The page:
Another blow for Christian minorities in the Middle East: last week, Turkey’s highest court ruled against the Mor Gabriel Syriac Orthodox monastery (left), the oldest functioning Christian monastery in the world, in a long-running lawsuit brought by local villagers. The lawsuit accused the monastery of “anti-Turkish activities,” including the illegal occupation of land that allegedly belongs to the government. Most commentators have dismissed the merits of the lawsuit — among other things, the suit claims the monastery occupies the site of a pre-existing mosque, even though the monastery predates Islam by centuries — and the high court’s behavior during the litigation has not reassured people. At one point, for example, the court apparently “lost” the documents the monastery submitted in support of its claim. The monastery will now appeal to the European Court of Human Rights, which ruled against Turkey in a similar case involving the Greek Orthodox a while ago. The EU, meanwhile, has expressed “serious concern” about the decision.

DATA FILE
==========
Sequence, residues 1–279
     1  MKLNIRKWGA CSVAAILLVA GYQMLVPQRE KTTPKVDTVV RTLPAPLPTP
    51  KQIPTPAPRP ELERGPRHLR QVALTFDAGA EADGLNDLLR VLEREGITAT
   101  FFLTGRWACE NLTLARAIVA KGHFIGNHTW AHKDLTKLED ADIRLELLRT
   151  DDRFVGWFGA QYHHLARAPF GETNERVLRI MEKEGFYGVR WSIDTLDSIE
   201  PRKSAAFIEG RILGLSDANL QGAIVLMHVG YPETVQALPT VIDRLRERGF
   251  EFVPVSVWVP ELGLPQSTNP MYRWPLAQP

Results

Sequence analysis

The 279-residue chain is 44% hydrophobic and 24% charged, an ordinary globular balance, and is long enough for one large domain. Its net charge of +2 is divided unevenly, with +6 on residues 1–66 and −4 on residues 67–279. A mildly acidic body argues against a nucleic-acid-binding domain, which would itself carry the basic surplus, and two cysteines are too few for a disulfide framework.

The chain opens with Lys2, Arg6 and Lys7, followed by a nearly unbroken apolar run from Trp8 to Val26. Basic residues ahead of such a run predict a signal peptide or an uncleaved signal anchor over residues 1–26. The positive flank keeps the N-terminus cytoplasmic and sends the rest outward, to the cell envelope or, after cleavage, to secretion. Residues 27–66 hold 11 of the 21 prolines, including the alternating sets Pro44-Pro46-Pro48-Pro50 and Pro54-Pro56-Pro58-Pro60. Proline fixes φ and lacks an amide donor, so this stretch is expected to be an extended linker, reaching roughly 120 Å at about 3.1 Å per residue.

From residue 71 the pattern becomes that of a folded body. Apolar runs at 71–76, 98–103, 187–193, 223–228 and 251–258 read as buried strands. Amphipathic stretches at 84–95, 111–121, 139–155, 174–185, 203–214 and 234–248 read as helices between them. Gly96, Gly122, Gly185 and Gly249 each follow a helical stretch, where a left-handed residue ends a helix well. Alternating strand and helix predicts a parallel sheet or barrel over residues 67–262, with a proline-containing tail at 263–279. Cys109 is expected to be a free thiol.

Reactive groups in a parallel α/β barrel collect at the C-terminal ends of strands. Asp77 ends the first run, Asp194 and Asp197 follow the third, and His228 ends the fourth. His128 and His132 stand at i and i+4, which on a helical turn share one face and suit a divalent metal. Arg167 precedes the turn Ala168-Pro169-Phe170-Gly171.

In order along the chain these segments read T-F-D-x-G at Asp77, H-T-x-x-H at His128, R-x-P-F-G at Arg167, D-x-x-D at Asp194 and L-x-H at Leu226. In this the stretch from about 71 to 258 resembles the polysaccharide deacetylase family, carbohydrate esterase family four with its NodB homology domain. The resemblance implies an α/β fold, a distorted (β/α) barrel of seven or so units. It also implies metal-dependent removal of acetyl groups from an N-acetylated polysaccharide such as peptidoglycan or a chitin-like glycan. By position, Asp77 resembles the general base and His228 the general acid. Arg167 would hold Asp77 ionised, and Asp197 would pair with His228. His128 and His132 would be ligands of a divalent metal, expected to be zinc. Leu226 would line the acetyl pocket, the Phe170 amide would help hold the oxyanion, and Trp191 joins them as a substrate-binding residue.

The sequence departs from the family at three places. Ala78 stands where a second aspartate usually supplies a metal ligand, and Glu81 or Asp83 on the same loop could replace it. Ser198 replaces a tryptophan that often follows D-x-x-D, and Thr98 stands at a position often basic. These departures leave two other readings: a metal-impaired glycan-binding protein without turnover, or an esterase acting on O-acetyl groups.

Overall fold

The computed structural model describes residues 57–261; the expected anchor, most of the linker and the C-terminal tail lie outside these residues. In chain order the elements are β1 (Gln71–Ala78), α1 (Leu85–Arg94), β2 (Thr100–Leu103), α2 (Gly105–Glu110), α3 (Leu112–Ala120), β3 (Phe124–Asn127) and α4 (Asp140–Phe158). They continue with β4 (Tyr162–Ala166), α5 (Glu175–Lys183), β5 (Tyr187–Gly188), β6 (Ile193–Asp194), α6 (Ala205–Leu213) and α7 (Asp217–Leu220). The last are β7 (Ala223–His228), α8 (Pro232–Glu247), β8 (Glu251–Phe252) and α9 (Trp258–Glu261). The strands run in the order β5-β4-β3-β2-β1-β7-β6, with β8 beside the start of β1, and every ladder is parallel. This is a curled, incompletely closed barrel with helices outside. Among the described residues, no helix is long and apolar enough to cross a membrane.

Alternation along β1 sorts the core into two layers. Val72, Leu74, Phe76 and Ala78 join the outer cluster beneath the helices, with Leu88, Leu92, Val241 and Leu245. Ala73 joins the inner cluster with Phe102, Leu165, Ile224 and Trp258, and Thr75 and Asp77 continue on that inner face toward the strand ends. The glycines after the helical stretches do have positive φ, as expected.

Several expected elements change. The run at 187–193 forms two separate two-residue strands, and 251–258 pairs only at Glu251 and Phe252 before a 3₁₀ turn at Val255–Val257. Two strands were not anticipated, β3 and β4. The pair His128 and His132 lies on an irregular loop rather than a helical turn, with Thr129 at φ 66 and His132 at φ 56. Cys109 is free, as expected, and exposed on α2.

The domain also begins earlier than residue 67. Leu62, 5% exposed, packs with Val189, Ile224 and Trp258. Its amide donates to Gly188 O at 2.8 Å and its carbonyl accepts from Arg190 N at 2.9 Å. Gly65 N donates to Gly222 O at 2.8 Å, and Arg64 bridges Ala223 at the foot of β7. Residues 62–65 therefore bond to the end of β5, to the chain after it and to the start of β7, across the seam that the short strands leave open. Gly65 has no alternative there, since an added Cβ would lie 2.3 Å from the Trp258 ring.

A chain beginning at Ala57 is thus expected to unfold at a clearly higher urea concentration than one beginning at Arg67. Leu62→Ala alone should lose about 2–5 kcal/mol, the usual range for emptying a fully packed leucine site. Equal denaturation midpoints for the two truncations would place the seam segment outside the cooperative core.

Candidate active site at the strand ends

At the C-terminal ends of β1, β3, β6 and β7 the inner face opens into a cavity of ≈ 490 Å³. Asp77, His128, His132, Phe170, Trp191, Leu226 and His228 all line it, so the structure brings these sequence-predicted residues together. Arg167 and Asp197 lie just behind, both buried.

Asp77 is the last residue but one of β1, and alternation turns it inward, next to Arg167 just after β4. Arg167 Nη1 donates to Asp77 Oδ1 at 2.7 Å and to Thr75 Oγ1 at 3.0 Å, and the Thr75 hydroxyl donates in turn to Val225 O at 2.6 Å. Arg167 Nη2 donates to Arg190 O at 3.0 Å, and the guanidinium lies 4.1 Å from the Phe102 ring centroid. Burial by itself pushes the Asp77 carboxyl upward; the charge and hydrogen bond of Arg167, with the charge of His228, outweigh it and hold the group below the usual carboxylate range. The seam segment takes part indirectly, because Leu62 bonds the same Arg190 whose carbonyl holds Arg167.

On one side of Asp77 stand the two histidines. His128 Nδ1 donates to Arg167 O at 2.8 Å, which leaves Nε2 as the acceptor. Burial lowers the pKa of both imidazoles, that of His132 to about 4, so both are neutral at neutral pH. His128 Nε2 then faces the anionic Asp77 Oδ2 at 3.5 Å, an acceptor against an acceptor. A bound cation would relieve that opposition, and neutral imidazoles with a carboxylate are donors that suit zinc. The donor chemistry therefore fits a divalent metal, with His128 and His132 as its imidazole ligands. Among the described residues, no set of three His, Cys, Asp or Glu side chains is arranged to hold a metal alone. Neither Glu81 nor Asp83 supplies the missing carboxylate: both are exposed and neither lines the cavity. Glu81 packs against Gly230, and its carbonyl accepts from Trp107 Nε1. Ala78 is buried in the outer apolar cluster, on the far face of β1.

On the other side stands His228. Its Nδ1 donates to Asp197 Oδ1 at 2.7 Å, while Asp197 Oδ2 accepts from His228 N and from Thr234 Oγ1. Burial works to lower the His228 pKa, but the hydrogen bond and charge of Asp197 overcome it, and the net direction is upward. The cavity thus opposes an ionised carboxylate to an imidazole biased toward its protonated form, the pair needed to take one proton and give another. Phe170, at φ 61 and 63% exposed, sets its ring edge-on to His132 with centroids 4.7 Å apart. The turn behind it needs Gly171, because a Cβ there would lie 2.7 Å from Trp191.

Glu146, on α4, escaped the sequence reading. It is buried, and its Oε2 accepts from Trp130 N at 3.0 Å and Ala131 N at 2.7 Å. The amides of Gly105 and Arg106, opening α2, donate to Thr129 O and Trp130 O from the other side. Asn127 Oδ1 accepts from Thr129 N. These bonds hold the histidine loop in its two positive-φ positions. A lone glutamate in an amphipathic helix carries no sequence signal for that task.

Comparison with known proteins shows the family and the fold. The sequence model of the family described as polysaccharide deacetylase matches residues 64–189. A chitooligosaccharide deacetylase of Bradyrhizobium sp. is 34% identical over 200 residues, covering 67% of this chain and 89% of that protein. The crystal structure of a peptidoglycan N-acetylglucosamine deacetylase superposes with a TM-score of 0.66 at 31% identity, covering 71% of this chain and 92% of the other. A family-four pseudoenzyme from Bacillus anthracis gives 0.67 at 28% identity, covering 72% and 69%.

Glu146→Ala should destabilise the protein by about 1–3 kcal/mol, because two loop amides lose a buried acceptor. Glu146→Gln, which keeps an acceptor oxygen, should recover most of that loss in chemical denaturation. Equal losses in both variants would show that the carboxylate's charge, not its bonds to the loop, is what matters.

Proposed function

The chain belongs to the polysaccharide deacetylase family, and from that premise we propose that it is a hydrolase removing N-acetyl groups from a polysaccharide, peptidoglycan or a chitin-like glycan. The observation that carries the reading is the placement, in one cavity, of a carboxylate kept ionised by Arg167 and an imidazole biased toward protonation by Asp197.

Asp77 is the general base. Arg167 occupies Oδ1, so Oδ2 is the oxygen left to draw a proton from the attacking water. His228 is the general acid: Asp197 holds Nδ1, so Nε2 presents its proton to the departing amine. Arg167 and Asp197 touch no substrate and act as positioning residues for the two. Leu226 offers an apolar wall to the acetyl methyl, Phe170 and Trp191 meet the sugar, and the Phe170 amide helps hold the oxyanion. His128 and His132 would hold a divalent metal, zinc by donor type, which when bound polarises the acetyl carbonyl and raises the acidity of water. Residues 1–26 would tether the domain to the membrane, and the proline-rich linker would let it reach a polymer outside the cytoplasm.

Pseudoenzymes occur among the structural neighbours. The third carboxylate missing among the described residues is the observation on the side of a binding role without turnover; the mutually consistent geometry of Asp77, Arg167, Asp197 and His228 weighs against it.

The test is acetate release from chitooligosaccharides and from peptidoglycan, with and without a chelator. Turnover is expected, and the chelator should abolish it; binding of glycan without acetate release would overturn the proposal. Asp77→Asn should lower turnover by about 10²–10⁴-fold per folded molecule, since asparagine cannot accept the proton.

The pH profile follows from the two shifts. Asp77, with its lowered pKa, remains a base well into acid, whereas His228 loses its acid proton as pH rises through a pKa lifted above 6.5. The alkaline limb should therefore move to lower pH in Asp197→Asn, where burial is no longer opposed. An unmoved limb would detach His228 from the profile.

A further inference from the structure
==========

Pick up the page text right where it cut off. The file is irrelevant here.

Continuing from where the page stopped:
- Around the Web this Week
- Hertel, “The Crescent Remembered”
- “Politics of Religion and Nationalism” (Requejo & Nagel, eds.)
- More Questions on the Significant Harm to Third-Parties Establishment Clause Theory
- What’s Happening in Houston?
- Haynes, “Faith-Based Organizations at the United Nations”
- Klein, “Lives in Common: Arabs and Jews in Jerusalem, Jaffa and Hebron”
- Ward, “Modern Democracy and the Theological-Political Problem in Spinoza, Rousseau, and Jefferson”
- “John Rawls and Christian Social Engagement” (Bradley & Forster, eds.)
- Seminar: “Minority Religions and Schooling” (London School of Economics, Dec. 6)